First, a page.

It is important to mention some of the limitations of this study namely, the fact that parameters other than the cessation of IRS could contribute to the upsurge of malaria in the study area.

Conclusion

It is obvious that the withdrawal of IRS lends a vulnerability to the population with regard to malaria transmission. In the context where availability of funds is insufficient to ensure broad and sustainable coverage of IRS, many African countries are facing difficult decisions on how to maintain IRS as a key vector control strategy. Therefore, robust monitoring is needed to better understand when and where IRS should be most adequate, or can be safely withdrawn. In case of withdrawal, adapted accompanying measures should be proposed according to the context in order not only to maintain gains capitalized with IRS, but also to avoid any rebound of transmission.

Availability of data and materials

The data supporting the conclusions of this article are included within the article. The raw data used in this study are available from the corresponding author upon reasonable request.

Abbreviations

HLC:

human landing catche

HBR:

human biting rate

ELISA:

enzyme-linked immunosorbent assay

PCR:

polymerase chain reaction

SI:

sporozoite index

EIR:

entomological inoculation rate

CSP:

circumsporozoite protein

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Acknowledgements

This work was financially supported by PMI (President’s Malaria Initiative) through USAID. We thank the team of CREC for their technical assistance during field work and the laboratory. We also thank the people of Atacora for their collaboration.

Funding

This work has been financially supported by Centre de Recherche Entomologique de Cotonou (CREC).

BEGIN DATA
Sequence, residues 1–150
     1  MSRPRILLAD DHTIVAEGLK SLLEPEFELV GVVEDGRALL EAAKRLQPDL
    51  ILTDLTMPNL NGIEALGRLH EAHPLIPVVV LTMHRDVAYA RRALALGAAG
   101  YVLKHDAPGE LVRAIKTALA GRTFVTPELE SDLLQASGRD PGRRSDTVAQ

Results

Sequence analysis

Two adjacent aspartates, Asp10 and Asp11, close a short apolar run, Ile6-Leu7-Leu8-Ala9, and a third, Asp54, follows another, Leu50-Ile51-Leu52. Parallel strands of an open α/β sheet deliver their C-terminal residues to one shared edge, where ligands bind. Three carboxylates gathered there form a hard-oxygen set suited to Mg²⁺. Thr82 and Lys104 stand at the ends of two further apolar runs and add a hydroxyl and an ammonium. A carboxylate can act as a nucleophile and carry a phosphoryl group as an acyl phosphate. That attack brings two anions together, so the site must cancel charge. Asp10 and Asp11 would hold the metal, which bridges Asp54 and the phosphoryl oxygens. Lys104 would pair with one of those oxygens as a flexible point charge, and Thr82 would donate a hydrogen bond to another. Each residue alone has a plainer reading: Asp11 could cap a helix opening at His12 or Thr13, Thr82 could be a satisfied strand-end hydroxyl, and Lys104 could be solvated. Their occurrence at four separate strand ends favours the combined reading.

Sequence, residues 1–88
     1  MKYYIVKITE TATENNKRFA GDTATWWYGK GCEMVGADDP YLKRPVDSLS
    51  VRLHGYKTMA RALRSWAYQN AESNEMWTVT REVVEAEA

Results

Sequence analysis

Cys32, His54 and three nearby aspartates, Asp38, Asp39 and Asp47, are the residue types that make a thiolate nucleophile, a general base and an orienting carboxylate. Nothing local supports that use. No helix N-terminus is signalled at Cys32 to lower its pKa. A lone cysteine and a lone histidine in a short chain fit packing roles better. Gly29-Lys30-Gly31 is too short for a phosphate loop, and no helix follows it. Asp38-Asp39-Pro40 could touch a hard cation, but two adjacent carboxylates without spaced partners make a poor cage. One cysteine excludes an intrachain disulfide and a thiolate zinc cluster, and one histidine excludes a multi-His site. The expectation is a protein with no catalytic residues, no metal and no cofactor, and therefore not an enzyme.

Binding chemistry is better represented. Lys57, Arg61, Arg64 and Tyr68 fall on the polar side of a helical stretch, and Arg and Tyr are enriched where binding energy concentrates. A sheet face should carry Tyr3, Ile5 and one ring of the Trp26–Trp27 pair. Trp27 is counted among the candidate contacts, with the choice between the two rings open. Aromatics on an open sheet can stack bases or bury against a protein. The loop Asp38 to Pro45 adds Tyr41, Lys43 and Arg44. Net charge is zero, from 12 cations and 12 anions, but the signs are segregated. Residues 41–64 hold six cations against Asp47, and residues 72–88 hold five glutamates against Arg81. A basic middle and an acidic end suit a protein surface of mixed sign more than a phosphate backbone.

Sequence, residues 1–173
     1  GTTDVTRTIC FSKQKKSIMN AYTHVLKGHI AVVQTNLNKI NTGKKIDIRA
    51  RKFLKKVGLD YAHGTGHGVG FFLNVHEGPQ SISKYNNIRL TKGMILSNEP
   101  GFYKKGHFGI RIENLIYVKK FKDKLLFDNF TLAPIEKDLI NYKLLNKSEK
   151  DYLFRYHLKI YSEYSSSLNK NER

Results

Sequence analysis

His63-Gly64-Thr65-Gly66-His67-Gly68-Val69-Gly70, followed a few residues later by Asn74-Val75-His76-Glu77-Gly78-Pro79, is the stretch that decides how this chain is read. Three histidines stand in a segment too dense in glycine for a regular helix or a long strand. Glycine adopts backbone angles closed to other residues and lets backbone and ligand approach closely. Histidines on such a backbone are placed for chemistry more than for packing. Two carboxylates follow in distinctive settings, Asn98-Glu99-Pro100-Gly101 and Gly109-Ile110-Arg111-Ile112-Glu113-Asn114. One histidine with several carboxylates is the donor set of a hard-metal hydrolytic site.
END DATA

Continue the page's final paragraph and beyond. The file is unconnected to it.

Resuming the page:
Author information

RA, GP, FD, RO, AOH, FT, GA, LL and MA designed the study. RA, GP, FD, RO and GA performed the field activities. RA and RO carried out the laboratory’s activities. RA drafted the manuscript and analysed the data. MA, LL, AOH, FT and GA critically revised the manuscript for intellectual content. All authors read and approved the final manuscript.

Correspondence to Rock Yves Aïkpon.

Ethics declarations

Ethics approval and consent to participate

This study was received the ethical approval by the Institutional Ethics Committee of CREC (IECC). The mosquito collectors gave their consent before participate to this study. They were checked up by treatment malaria after mosquito collection and were vaccinated against yellow fever.

Consent for publication

Not applicable.

Competing interests

The authors declare that they have no competing interests.

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Aïkpon, R.Y., Padonou, G., Dagnon, F. et al. Upsurge of malaria transmission after indoor residual spraying withdrawal in Atacora region in Benin, West Africa. Malar J 19, 3 (2020). https://doi.org/10.1186/s12936-019-3086-2

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Keywords

  • Indoor residual spraying
  • Withdrawal
  • Malaria
  • Upsurge
  • Benin